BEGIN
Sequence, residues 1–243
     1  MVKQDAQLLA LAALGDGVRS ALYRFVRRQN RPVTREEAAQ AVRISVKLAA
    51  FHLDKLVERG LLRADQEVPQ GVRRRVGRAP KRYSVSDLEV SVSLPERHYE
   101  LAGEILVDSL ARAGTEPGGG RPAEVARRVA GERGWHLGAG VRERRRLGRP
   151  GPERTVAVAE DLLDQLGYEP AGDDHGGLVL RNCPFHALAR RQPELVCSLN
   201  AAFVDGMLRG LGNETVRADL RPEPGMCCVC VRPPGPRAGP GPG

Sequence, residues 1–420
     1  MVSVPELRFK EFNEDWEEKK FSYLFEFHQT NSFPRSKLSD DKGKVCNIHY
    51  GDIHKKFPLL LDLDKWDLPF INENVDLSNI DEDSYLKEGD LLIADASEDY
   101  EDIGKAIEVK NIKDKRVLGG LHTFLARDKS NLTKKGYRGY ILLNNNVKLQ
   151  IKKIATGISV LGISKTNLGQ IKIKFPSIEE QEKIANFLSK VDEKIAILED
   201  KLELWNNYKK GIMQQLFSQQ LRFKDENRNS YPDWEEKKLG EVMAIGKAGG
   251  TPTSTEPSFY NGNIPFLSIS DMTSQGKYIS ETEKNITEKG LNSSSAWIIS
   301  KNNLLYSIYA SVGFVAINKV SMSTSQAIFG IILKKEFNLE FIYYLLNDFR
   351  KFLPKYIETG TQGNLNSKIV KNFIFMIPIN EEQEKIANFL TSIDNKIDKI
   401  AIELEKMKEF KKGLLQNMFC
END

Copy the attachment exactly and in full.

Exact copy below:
Sequence, residues 1–243
     1  MVKQDAQLLA LAALGDGVRS ALYRFVRRQN RPVTREEAAQ AVRISVKLAA
    51  FHLDKLVERG LLRADQEVPQ GVRRRVGRAP KRYSVSDLEV SVSLPERHYE
   101  LAGEILVDSL ARAGTEPGGG RPAEVARRVA GERGWHLGAG VRERRRLGRP
   151  GPERTVAVAE DLLDQLGYEP AGDDHGGLVL RNCPFHALAR RQPELVCSLN
   201  AAFVDGMLRG LGNETVRADL RPEPGMCCVC VRPPGPRAGP GPG

Sequence, residues 1–420
     1  MVSVPELRFK EFNEDWEEKK FSYLFEFHQT NSFPRSKLSD DKGKVCNIHY
    51  GDIHKKFPLL LDLDKWDLPF INENVDLSNI DEDSYLKEGD LLIADASEDY
   101  EDIGKAIEVK NIKDKRVLGG LHTFLARDKS NLTKKGYRGY ILLNNNVKLQ
   151  IKKIATGISV LGISKTNLGQ IKIKFPSIEE QEKIANFLSK VDEKIAILED
   201  KLELWNNYKK GIMQQLFSQQ LRFKDENRNS YPDWEEKKLG EVMAIGKAGG
   251  TPTSTEPSFY NGNIPFLSIS DMTSQGKYIS ETEKNITEKG LNSSSAWIIS
   301  KNNLLYSIYA SVGFVAINKV SMSTSQAIFG IILKKEFNLE FIYYLLNDFR
   351  KFLPKYIETG TQGNLNSKIV KNFIFMIPIN EEQEKIANFL TSIDNKIDKI
   401  AIELEKMKEF KKGLLQNMFC